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BMJ Open 2:e001276 doi:10.1136/bmjopen-2012-001276
  • Public health
    • Protocol

Detailed protocol for the lifestyle intervention in the BeWEL randomised controlled trial of weight loss in adults who have had a colorectal adenoma

  1. Annie Anderson1
  1. 1Centre for Research into Cancer Prevention and Screening, Medical Research Institute, Population Health Sciences Division, University of Dundee, Dundee, UK
  2. 2Health Behaviour Unit, Department of Epidemiology and Public Health, University College London, London, UK
  3. 3Institute for Social Marketing, Stirling Management School, University of Stirling and the Open University, Stirling, UK
  1. Correspondence to Professor Annie Anderson; a.s.anderson{at}dundee.ac.uk
  • Received 5 April 2012
  • Accepted 26 April 2012
  • Published 25 May 2012

Abstract

Introduction The BeWEL study is aimed at assessing the impact of a personalised lifestyle programme on body weight in people at risk of developing colorectal adenomas. The study is a two-arm multicentre randomised controlled trial comparing the BeWEL lifestyle programme against usual care. Over 12 months, 316 people who have had a colorectal adenoma removed through the national screening programme will be randomised to provide 80% power to detect a weight loss (primary outcome) of 7% over 12 months.

Methods The 12-month intervention will be delivered by lifestyle counsellors via three face-to-face visits followed by nine monthly telephone support calls. Consultant endorsement for the study will be stressed. An individualised caloric prescription based on estimates for weight maintenance −600 kcal will be calculated. Motivational interviewing techniques will be used to identify personal motivations for weight change and ways to improve perceived self-efficacy. The programme will utilise personalised diet and physical activity data from baseline measures to set behavioural goals. A range of behavioural strategies will be employed to support lifestyle change including goal setting, identifying specific implementation intentions, self-monitoring and feedback. Emphasis will be placed on self-monitoring body weight, and weighing scales will be provided. Programme acceptability will be explored postintervention with indepth interviews. Compliance and impact will be assessed by baseline and follow-up measures of diet by self-report, activity by accelerometry and anthropometry.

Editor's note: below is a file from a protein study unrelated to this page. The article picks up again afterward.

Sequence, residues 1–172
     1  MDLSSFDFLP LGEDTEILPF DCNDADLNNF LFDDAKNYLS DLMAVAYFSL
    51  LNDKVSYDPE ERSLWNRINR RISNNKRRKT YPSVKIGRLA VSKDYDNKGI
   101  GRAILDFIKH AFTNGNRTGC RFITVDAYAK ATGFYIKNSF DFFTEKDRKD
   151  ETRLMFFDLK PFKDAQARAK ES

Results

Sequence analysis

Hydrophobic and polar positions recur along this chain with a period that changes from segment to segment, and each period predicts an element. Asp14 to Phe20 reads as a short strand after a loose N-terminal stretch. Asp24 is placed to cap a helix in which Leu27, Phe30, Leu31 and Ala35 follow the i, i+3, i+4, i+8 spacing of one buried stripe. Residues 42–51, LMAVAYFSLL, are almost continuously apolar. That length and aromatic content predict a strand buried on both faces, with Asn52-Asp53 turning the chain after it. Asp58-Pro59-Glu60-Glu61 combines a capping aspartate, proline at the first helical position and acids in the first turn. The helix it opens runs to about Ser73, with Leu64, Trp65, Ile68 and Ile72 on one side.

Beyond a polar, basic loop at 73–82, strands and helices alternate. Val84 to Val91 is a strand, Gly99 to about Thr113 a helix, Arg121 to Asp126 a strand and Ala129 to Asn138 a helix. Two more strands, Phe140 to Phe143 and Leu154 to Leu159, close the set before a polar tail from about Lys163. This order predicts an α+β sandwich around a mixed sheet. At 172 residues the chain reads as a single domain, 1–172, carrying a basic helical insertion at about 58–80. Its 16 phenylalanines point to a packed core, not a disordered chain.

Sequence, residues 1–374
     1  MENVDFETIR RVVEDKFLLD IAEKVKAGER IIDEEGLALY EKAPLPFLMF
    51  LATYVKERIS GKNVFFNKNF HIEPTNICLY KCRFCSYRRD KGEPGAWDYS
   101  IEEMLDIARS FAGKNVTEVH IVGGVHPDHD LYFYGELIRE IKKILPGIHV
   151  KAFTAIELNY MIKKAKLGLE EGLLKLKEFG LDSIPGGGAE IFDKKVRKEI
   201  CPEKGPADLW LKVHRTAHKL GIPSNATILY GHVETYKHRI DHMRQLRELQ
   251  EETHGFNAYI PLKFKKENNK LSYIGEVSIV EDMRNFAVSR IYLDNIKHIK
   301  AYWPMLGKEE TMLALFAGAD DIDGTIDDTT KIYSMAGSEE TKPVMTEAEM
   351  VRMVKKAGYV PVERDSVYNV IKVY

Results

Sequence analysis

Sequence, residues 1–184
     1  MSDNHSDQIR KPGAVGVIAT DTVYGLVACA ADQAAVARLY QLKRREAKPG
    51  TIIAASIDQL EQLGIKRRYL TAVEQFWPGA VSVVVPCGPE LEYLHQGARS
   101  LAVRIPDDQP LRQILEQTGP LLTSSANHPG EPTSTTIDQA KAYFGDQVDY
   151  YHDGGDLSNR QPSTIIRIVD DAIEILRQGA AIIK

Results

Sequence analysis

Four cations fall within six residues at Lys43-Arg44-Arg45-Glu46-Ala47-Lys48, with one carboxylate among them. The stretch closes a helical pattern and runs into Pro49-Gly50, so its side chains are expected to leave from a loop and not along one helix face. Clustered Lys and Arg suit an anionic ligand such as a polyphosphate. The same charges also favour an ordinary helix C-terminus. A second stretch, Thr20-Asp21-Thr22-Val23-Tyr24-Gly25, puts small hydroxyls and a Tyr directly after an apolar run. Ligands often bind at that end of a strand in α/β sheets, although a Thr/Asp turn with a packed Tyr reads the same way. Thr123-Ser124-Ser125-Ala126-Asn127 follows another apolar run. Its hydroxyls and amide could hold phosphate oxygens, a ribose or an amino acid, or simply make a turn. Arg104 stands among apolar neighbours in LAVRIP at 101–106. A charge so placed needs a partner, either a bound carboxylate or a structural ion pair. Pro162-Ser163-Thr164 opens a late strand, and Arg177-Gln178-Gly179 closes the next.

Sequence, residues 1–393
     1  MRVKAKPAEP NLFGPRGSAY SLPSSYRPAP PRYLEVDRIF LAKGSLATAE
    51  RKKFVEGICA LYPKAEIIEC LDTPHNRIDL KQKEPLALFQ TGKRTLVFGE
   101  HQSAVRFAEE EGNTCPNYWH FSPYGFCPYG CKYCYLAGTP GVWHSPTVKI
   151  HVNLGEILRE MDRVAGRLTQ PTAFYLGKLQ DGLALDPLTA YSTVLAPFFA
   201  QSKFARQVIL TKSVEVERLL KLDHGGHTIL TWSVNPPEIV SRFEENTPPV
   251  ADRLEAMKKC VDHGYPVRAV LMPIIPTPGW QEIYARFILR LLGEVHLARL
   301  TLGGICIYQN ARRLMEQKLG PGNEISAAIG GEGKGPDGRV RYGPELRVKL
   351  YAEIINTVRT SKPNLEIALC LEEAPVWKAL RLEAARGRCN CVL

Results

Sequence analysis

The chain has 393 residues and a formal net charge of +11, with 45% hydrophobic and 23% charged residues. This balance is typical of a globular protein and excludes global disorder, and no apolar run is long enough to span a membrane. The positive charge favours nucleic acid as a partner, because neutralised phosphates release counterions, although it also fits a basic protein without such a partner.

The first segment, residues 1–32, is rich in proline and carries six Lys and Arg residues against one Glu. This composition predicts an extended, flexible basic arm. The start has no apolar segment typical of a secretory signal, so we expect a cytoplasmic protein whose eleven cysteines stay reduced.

Ethics and dissemination Ethical approval has been obtained from the Tayside Committee on Medical Research Ethics. Dissemination of results will focus on publications in peer-reviewed journals, presentations at national/international cancer meetings and NHS groups. In addition, the work will be communicated to the public through forums such at The Scottish Cancer Prevention Network (http://www.cancerpreventionscotland.co.uk/). The trial is registered with Current Controlled Trials (International Standard Randomised Controlled Trials No: ISRCTN53033856).

Footnotes

  • To cite: Caswell S, Craigie AM, Wardle J, et al. Detailed protocol for the lifestyle intervention in the BeWEL randomised controlled trial of weight loss in adults who have had a colorectal adenoma. BMJ Open 2012;2:e001276. doi:10.1136/bmjopen-2012-001276

  • Contributors SC has prepared materials for intervention inclusion, advised on implementation strategies and drafted manuscript, AMC has advised on physical activity measures and tools, overall package design and manuscript drafting. JW has contributed advice on behavioural techniques, educational strategies and overall design components. MS has contributed to specific translation details from formative work into overall intervention, focusing on educational material and all communications. AA is the principal investigator for the study and has over seen the intervention design, development and implementation and manuscripts drafting and editing. All authors have contributed to intervention design, study design, final protocol and manuscript editing.

  • Funding The National Prevention Research Initiative (NPRI).

  • Competing interests None.

  • Ethics approval Ethical approval has been obtained from the Tayside Committee on Medical Research Ethics.

  • Provenance and peer review Not commissioned; internally peer reviewed.

  • Data sharing statement No additional data available.

This is an open-access article distributed under the terms of the Creative Commons Attribution Non-commercial License, which permits use, distribution, and reproduction in any medium, provided the original work is properly cited, the use is non commercial and is otherwise in compliance with the license. See: http://creativecommons.org/licenses/by-nc/2.0/ and http://creativecommons.org/licenses/by-nc/2.0/legalcode.

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